Montenegro’s Sunday general election results blink an eye to the country’s future policy in terms of its either Euro-Atlantic integration or tendency to lean more towards Russia and Serbia.

Elections resulted in the long governing Democratic Party of Socialists (DPS) winning the majority of the votes but losing in the majority in the National Assembly to the opposition wing.

President Milo Djukanovic’s pro-Western DPS, which ruled the country for 30 years, won 30 seats at the parliament, while the opposition For the Future of Montenegro alliance led by the Democratic Front (DF), leaning more towards Russia and Serbia, won 27 seats.

The DF is known for its anti-NATO stance and closeness to the Serbian Orthodox Church (SPC).

Among the other formations of the opposition, the Peace is Our Nation managed to win 10 seats, and the “Black to White” alliance won four seats.

According to these results, three opposition alliances “anti-Djukanovic” won 41 seats in the 81-seat national assembly.

The fall or overthrow of Djukanovic and DPS, who pursued a pro-integration policy with Euro-Atlantic institutions and took important steps in terms of minority rights, and the establishment of a government dominated by extreme Serbian nationalists close to the church will cause uncertainty in many points in Montenegro.

The first assembly session must be held within 15 days after the official results of the election are announced, and the head of the assembly must be elected. If the majority is not achieved, the oldest deputy will lead the sessions until the president is elected.

After the first session in the parliament, the president will begin negotiations with party representatives to form a government. At this point, the party with the majority in the assembly will be given the task of forming the government. Although this advantage is currently in opposition alliances, it should be noted that the difference is only one seat.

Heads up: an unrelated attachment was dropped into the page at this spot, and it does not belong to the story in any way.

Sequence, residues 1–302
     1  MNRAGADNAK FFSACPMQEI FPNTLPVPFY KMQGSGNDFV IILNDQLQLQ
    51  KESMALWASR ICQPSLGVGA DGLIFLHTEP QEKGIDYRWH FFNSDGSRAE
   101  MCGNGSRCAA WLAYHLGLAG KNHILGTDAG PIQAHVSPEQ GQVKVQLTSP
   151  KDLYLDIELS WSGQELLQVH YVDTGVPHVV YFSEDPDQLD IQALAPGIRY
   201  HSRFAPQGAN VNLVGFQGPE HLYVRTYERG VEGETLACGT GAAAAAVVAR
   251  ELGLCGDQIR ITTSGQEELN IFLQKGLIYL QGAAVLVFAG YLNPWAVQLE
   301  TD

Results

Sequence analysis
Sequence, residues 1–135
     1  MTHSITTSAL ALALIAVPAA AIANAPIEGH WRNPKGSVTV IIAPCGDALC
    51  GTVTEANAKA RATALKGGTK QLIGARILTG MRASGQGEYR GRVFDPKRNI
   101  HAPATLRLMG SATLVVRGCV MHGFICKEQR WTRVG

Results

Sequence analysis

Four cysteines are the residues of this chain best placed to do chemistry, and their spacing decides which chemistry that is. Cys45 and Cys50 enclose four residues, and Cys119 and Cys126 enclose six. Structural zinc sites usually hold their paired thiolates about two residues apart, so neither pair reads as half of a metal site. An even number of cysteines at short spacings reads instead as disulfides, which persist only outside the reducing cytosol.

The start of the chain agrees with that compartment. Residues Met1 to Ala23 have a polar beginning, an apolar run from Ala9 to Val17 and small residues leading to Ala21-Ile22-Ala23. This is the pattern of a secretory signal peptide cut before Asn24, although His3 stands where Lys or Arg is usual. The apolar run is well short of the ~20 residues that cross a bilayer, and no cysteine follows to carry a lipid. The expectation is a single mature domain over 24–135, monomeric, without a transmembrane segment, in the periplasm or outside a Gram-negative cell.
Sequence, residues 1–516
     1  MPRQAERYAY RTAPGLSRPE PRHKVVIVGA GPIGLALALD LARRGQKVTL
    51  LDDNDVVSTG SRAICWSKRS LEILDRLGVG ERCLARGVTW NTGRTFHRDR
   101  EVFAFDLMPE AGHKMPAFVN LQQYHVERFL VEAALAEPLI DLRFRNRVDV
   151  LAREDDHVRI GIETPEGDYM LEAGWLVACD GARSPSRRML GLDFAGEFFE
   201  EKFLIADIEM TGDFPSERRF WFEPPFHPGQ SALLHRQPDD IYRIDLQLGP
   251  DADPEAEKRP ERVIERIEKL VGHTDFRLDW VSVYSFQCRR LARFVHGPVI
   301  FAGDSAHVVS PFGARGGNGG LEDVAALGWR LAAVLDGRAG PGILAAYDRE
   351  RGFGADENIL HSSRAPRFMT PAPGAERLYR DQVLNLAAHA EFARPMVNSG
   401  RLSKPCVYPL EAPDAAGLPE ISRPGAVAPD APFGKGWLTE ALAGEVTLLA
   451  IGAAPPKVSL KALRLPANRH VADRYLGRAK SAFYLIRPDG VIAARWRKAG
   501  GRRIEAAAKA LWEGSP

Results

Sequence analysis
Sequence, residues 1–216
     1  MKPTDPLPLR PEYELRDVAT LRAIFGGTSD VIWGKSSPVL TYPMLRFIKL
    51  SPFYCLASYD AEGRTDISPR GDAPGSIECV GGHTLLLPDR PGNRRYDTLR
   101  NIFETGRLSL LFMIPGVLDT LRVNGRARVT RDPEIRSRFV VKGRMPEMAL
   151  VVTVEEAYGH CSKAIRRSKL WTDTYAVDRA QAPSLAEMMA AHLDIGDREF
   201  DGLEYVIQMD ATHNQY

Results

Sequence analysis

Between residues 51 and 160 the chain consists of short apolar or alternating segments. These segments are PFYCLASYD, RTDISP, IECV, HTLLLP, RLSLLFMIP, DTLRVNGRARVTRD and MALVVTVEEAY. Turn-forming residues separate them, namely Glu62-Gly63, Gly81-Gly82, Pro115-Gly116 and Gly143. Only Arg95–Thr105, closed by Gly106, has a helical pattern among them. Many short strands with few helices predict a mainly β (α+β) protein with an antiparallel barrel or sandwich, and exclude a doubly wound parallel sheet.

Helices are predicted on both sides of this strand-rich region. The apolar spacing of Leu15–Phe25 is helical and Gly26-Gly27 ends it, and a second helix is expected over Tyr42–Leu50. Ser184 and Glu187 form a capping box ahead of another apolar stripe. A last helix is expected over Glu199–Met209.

If the opposition wing does not get the majority, then the president can assign the task of forming a government to a name from the DPS, which is the president’s party.

If neither side fails to form a government within 90 days after the election, the president has the right to take an early general election decision.

However, if the opposition manages to form a government, the country might open a new page for its foreign and internal policy.

– Montenegro’s EU integration

Montenegro currently is the closest country to the EU membership with its candidate status for the bloc’s enlargement since 2010 but many wonder what would happen to the integration process if the opposition for a government leaves the country’s pro-integration wing outside.

“The European Union is fully committed to continuing supporting Montenegro’s EU accession process as well as economic recovery following the COVID-19 crisis,” EU foreign policy chief Josep Borrell and Commissioner for enlargement, Oliver Varhelyi wrote in a joint statement after the election results.

Referring to “Montenegro’s steady path towards the EU,” the top EU officials urged the currently forming government “to deepen and speed up political and economic reforms, particularly on the rule of law area.”